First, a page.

Language Theory, Phonology and Etymology in Buddhism and their relationship to Brahmanism


  • Bryan Geoffrey Levman University of Toronto



Early Buddhism, language theory, phonology, etymology, Bhagavā, Brahmanism, Aggavaṃsa


The Buddha considered names of things and people to be arbitrary designations, with their meaning created by agreement. The early suttas show clearly that inter alia, names, perceptions, feelings, thinking, conceptions and mental proliferations were all conditioned dhammas which, when their nature is misunderstood, led to the creation of a sense of ‘I’, as well as craving, clinging and afflictions. Although names were potentially afflictive and ‘had everything under their power’ (Nama Sutta), this did not mean that they were to be ignored or even neglected; words were to be penetrated and thoroughly understood, as an essential instrument for liberation. One of the problems of transmitting the Buddha’s teachings was the large number of disciples who did not speak an Indo-Aryan language as their first language or spoke a dialect different from that of the Teacher. This also led to altered transmission of the Vinaya and Suttas by disciples who could not hear certain phonological distinctions not present in their own language or dialect. Hundreds of these anomalies are preserved in the different editions of the canon, testifying to these transmission ambiguities. The passages dealing with this problem provide a valuable insight into the phonological issues that the early sangha had to deal with to try and preserve the integrity of the sasana. At the same time the etymological practices of Brahmanism were imported into Buddhism very early, probably from the time of the Buddha himself, to demonstrate the intellectual superiority of the Buddha and his teachings. Despite the Buddha’s teachings on the arbitrary nature of language, the commentarial and grammatical traditions developed a sophisticated theoretical framework to analyse, explicate and reinforce some of the key Buddhist doctrinal terms. Also, an elaborate classification system of different types of names (naman) was developed, to show that the language of the Buddha was firmly grounded in saccikattha, the highest truth, and that some terms were spontaneously arisen (opapatika), even though such a concept — that words by themselves could arise spontaneously and directly embody ultimate truth — was quite foreign to their Founder.

Author Biography

  • Bryan Geoffrey Levman, University of Toronto
    PhD, University of Toronto 2014 Currently Visiting Scholar at U of T


Bloch, J. 1950. Les Inscriptions d’Asoka. Paris: Société d’Édition ‘Les Belles Lettres’.

Collins, S. 1998. Nirvana and other Buddhist felicities: Utopias of the Pali imaginaire. Cambridge: Cambridge University Press.

Cone, M. 2001–2010. A Dictionary of Pali. Oxford: Pali Text Society.

Hinüber, O. von. 1987. ‘Buddhist law and the phonetics of Pali: A passage from the Samantapasadika on avoiding mispronunciation in kammavacas.’ Studien zur Indologie und Iranistik 13/14 (Festschrift für Wilhelm Rau): 101–127. Also in Selected Papers on Pali Studies (Oxford: Pali Text Society, 2005), 198–232.

Holdrege, B. 1996. Veda and Torah: Transcending the Textuality of Scripture. Albany: State University of New York.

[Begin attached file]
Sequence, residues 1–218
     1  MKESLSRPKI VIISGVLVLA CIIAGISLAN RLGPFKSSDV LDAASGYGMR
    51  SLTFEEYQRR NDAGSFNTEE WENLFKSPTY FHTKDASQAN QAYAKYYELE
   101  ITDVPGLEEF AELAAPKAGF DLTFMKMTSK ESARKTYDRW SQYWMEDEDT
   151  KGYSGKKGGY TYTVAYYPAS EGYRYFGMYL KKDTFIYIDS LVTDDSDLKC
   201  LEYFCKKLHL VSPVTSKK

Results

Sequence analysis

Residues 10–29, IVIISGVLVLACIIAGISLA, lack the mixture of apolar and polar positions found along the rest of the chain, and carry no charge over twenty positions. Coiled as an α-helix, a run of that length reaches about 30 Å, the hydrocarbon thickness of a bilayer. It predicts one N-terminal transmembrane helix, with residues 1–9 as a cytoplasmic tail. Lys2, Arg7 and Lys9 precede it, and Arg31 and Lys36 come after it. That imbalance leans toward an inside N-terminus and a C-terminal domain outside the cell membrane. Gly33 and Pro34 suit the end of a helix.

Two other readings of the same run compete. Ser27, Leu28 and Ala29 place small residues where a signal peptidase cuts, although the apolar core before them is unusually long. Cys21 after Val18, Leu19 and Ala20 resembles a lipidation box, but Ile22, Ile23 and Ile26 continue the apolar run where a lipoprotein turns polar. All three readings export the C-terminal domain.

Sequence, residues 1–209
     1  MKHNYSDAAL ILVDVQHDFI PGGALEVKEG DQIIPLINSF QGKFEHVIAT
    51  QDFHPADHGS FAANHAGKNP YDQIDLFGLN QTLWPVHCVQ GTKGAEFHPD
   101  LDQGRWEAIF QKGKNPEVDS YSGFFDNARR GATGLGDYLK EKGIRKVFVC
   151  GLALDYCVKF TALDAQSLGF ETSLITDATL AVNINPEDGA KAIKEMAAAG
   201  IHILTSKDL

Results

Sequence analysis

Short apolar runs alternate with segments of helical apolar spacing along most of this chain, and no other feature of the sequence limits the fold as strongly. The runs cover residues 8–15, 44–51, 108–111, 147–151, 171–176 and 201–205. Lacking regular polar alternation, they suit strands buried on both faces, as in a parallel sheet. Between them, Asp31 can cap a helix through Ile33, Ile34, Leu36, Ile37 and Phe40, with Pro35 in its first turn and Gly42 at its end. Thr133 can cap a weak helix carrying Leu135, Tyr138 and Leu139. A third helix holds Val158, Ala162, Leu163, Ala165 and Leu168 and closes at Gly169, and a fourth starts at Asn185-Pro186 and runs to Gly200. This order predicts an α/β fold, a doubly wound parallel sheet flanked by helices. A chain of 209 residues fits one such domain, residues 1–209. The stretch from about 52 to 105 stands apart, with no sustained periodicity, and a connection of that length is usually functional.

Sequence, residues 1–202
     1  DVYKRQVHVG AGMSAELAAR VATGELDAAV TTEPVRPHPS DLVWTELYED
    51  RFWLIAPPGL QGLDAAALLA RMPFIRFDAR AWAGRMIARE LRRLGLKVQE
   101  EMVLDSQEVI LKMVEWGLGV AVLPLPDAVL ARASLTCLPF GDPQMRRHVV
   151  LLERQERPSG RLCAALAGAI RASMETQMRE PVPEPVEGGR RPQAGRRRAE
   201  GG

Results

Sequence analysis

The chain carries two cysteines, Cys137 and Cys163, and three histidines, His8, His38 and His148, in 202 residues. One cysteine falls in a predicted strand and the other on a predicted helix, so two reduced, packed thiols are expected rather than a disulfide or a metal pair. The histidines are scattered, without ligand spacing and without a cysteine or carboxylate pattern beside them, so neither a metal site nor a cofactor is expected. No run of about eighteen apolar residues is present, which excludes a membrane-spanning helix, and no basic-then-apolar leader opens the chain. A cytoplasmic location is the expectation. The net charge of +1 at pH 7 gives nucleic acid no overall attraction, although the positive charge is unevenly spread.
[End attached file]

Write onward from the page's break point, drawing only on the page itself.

Kahrs, E. 1999. Indian Semantic Analysis: The Nirvacana Tradition. Cambridge: Cambridge University Press.

Law, B. C. 1943. Tribes in Ancient India. Bhandarkar Oriental Series No. 4. Poona: Bhandarkar.

Levman, B. G. 2000. ‘Western theories of music origin, historical and modern.’ Musicae Scientiae. 4(2): 185–211.

———. 2008–2009. ‘Sakaya niruttiya Revisited’. Bulletin des Études Indiennes 26–27: 33–51.

———. 2014. ‘Linguistic ambiguities, the transmissional process, and the earliest recoverable language of Buddhism.’ Unpublished PhD thesis, University of Toronto.

———. 2016. ‘The language of early Buddhism.’ Journal of South Asian Languages and Linguistics 3(1): 1–41.

Mayrhofer, M. 1963. Kurzgefaßtes etymologisches Wörterbuch des Altindoarischen. Heidelberg: Carl Winter Universitätsverlag.

Ñanamoli, Bhikkhu. 1960 [2005]. The Minor Readings (Khuddakapatha) and ‘The Illustrator of Ultimate Meaning (Paramatthajotika Part 1)’. London: Pali Text Society.

———. 1975 [1999]. The Path of Purification: Visuddhimagga. Onalaska: BPS Pariyatti Editions.

Ñanamoli, Bhikkhu and Bhikkhu Bodhi. 1995. The Middle Length Discourses of the Buddha, a Translation of the Majjhima Nikaya. Boston, MA: Wisdom Publications.

Narada, Mahathera. 2000. A Comprehensive Manual of Abhidhamma: The Abhidhammattha Sangaha of Acariya Anuruddha, translation revised by Bhikkhu Bodhi. Onalaska, WA: BPS Pariyatti Editions.

Norman, K. R. 1983. Pali Literature. Wiesbaden: Otto Harrassowitz.

———. 2006. The Group of Discourses (Sutta-Nipata). Lancaster: The Pali Text Society.

Pischel, R. 1900 [1981]. Comparative Grammar of the Prakrit Languages. Translated by Subhadra Jha. Delhi: Motilal Banarsidass.

Rhys Davids, T. W. 1890. The Questions of King Milinda. Oxford Clarendon Press.

Smith, H., 1928–1954. Saddaniti La Grammaire Palie d’Aggavamsa. Oxford: Pali Text Society.

Tan, P. 2003. ‘Commentary on the Madhupindakasuttam’.

Thanissaro, Bhikkhu. 2002. Handful of Leaves Volume One: An Anthology from the Digha and Majjhima Nikayas. United States: The Sati Center for Buddhist Studies and Metta Forest Monastery.

Vasu, S. C. 1891 [1962]. The Ashtadhyayi of Panini, vol 1. Poona: Published by R.N. Dandekar at the Bhandarkar Oriental Research Institute.

Walshe, M. 1995. The Long Discourses of the Buddha: A Translation of the Digha Nikaya. Boston, MA: Wisdom Publications.

Whitney, W. D. 1924 [2000]. Sanskrit Grammar. Delhi: Motilal Banarsidass Publishers. Originally published 1924.







How to Cite

Levman, B. G. (2017). Language Theory, Phonology and Etymology in Buddhism and their relationship to Brahmanism. Buddhist Studies Review, 34(1), 25-51.